Proud Mary might not be that proud after all.
The Taraji P. Henson-starrer was one of the year’s most anticipated films when the trailer dropped last year. Henson’s turn as Mary, a hitwoman working for an organized crime family in Boston, seemed like the black response to Atomic Blonde—that is until this year rolled around, where it seems like Sony and Screen Gems have completely dropped the ball on promoting it.
Proud Mary is out this Friday, and social media has been flooded not with excitement for the film but confusion as to why it’s not being pushed harder. Is it a case of a studio underselling a black film, as is customary in Hollywood? Or does Sony want to hide the fact that the film might not be very good?
It’s not screening for critics this week, so don’t expect any advance reviews of Proud Mary. Furthermore, critics attending the film’s press junket weren’t allowed to screen the film first, so interviews with Taraji will have to remain vague as it’s a little hard to discuss a film that you haven’t seen yet with an actress.
Henson herself has even voiced frustration with the promotion of the film.
In a pre-Christmas interview with The Hollywood Reporter, Henson said she’s been “begging and pleading my connections and doing whatever I can to make this movie the best it can be. I don’t just put my name on stuff just to say it; I get down and dirty. [Studios] never expect [black films] to do well overseas. Meanwhile, you go overseas and what do you see? People trying to look like African-Americans with Afros and dressing in hip-hop fashions. To say that black culture doesn’t sell well overseas, that’s a lie. Somebody just doesn’t want to do their job and promote the film overseas. Do you not have people streaming my Christmas specials in Australia? Come on, y’all! I don’t understand the thinking. Send me over there, and if it fails, then we don’t do it again, but why not try? If I knew this movie was gonna make money domestically, I would try to get more money overseas. It’s business!”
Traditionally, Hollywood has blamed lack of interest in black films overseas as the reason why they don’t promote them there. But just last year, Get Out raked in big money overseas—as did Hidden Figures the year before—and historically, films like Coming to America, Beverly Hills Cop 2, Independence Day, and Bad Boys 2 have, too. If anything, it’s a systemic problem of assuming black films undersell in America and in turn, fail overseas. Henson starred in Hidden Figures and her television drama Empire screens internationally, so why not develop her into a burgeoning international box-office star?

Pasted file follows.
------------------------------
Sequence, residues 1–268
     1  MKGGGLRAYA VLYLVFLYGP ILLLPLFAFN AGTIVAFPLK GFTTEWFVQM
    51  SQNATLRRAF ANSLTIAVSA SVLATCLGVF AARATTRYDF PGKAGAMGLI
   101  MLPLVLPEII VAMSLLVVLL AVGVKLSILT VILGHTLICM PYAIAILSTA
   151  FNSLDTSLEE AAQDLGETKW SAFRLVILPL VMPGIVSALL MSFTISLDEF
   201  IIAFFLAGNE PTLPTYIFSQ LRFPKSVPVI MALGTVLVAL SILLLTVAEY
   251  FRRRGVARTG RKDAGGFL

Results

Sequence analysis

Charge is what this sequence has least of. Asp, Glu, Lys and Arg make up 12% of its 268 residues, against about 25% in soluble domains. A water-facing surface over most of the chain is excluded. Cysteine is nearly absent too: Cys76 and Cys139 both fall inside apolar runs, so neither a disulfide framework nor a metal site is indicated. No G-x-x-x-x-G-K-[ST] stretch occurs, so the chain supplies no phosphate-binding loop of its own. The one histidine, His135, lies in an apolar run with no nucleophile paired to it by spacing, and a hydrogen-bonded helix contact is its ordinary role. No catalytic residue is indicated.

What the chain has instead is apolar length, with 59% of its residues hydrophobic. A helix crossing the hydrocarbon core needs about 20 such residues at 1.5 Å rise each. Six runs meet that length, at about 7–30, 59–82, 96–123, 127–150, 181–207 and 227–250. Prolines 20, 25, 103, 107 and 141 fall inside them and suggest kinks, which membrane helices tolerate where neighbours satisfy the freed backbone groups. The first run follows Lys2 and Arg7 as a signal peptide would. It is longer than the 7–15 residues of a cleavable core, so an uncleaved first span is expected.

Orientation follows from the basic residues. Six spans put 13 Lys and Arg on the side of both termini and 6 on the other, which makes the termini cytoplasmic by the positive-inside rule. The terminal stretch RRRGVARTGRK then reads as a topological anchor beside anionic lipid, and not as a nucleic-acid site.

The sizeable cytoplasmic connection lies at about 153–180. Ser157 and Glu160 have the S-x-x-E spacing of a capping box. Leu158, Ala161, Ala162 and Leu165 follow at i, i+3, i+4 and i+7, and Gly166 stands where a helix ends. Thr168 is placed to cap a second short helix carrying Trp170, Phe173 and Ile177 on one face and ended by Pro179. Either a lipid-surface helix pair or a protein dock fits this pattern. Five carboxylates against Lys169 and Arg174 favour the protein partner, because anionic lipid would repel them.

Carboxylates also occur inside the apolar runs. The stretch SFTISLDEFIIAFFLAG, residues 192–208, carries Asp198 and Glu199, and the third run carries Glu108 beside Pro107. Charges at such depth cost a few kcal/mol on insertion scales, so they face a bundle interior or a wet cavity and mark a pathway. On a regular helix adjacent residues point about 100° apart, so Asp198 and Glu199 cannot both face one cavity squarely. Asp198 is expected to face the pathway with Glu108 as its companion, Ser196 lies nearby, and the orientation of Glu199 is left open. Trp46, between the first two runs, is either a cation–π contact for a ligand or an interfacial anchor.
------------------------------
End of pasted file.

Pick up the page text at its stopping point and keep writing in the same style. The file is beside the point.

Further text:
As Octavia Spencer, Henson’s Hidden Figures co-star, said, “[Will Smith] was told the same thing—that he wasn’t going to be taken to promote his film. Had he not paid for himself to fly all over the world that very first time, he would not be an international box-office star. So they have to start investing and taking black actresses and actors across the world just like they do with unknown white actors. They need to do the same thing for black actors. If you don’t know ’em, why would you go support the film?”
Speaking of Smith, even his critically panned film Bright managed to be a success for Netflix (a sequel has already been greenlit) and trust me, Proud Mary would have to do some heavy lifting to be worse than that trash.
Henson has been a star for decades and it’s a shame that there isn’t a bigger push for Proud Mary. This week, I accidentally stumbled upon a Facebook Live interview with the actress that lasted less than 10 minutes and had her scrolling through an iPad to find fans’ questions to answer in real time. It looked like a thrown-together operation from a flailing media company that has decided to “pivot to video.”
I’ve been rooting for Henson for years. Fans are excited to see the movie and want to support it and help studios realize that black films—and films starring women—have a hungry audience that craves more than a few tweets and TV commercials. As Henson told THR, “If a man can do it, why can’t we? I feel like women get better as we age. Give us the same chances as you give men.”